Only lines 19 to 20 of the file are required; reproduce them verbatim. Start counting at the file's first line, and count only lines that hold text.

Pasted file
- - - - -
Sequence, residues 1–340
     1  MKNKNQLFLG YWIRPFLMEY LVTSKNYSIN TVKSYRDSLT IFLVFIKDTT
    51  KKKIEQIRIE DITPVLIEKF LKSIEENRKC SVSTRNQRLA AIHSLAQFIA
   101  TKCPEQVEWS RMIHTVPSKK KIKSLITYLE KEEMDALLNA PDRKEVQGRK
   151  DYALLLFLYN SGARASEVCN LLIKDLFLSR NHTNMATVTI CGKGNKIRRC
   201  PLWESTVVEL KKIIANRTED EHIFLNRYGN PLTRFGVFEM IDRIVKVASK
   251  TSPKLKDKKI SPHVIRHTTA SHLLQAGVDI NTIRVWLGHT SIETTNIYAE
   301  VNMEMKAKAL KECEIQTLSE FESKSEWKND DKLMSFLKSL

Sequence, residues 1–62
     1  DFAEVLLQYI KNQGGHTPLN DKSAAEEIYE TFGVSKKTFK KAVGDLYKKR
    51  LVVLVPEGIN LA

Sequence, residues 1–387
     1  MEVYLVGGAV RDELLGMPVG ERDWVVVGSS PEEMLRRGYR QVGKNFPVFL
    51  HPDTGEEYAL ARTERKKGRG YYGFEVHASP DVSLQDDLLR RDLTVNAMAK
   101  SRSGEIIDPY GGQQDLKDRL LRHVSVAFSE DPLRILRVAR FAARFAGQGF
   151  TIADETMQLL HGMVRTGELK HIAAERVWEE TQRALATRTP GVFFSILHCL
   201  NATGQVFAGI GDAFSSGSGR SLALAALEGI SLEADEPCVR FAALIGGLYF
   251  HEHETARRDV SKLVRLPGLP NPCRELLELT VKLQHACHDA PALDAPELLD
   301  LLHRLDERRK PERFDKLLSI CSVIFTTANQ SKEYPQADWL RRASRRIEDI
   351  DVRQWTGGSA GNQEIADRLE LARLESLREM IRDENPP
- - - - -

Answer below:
   301  LLHRLDERRK PERFDKLLSI CSVIFTTANQ SKEYPQADWL RRASRRIEDI
   351  DVRQWTGGSA GNQEIADRLE LARLESLREM IRDENPP